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 SAN DIEGO, Jan. 6 /PRNewswire/ -- Syntello Inc., a biopharmaceutical firm based here, has signed a Cooperative Research and Development Agreement (CRADA) with the National Institute of Allergy and Infectious Diseases (NIAID), of the National Institutes of Health (NIH), to develop a mucosal vaccine against chlamydia, the leading cause of bacterial sexually transmitted disease in the United States and the industrialized world.
 Under the agreement, Syntello will develop a recombinant chlamydia vaccine combining its novel cholera toxin-B (CTB) mucosal carrier with highly immunogenic, synthetic chlamydia peptides developed by Harlan D. Caldwell, Ph.D., chief of NIAID's Laboratory of Intracellular Parasites in Hamilton, Mont.
 Syntello's CTB mucosal carrier, developed by Jan Holmgren, M.D., Ph.D., of the University of Gothenburg, Sweden, is the basis for a new class of vaccines designed to provide targeted immunity at the site of infection on the mucosa -- the thin protective membrane lining cavities or canals of the body that open to the outside. In addition to its effectiveness as a carrier, the B subunit molecule is biologically active and may function as a natural adjuvant, stimulating strong immune responses.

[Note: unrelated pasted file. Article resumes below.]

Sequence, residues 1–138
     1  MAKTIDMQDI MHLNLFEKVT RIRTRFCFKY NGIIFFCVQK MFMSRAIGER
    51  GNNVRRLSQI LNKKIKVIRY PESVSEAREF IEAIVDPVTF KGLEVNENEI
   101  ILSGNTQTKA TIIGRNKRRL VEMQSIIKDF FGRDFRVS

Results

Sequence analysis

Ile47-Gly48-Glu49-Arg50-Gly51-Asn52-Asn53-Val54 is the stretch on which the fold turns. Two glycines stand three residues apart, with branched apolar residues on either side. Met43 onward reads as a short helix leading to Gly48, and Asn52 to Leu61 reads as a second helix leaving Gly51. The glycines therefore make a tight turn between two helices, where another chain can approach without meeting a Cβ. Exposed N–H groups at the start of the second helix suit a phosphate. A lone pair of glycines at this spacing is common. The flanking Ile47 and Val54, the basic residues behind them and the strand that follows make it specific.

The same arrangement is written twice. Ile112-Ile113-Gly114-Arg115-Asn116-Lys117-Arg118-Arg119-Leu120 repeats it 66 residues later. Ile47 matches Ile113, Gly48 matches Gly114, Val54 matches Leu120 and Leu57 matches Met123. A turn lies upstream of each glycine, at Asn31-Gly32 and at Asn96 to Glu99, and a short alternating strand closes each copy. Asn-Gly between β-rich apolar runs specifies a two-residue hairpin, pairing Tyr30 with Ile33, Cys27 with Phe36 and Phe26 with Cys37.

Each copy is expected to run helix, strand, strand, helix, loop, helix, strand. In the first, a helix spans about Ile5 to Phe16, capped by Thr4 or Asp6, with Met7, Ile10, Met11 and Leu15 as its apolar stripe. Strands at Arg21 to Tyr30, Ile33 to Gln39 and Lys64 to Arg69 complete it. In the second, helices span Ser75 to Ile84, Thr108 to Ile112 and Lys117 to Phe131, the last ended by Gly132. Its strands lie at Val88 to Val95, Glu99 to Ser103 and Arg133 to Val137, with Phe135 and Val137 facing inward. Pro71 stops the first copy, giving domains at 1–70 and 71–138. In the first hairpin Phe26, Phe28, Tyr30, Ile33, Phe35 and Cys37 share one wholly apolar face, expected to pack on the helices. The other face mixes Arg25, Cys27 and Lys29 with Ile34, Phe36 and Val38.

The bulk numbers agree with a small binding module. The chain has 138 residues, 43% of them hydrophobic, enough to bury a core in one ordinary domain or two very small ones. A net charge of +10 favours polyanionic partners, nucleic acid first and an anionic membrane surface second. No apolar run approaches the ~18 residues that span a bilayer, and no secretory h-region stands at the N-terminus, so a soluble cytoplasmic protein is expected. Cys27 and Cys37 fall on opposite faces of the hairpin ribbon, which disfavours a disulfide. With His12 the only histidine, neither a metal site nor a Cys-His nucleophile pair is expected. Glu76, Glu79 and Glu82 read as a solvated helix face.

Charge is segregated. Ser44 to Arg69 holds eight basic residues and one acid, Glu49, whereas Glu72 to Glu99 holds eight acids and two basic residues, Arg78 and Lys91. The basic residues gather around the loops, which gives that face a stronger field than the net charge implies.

Chlamydia attacks cells of the mucosal tissue surface, including the female reproductive tract where the bacteria frequently causes pelvic inflammatory disease (PID). Left untreated, PID can so severely scar the fallopian tubes that infected women can become infertile. In the United States, as many as 1 million women each year are treated for PID, the Centers for Disease Control (CDC) in Atlanta estimates, at a cost of more than $5 billion.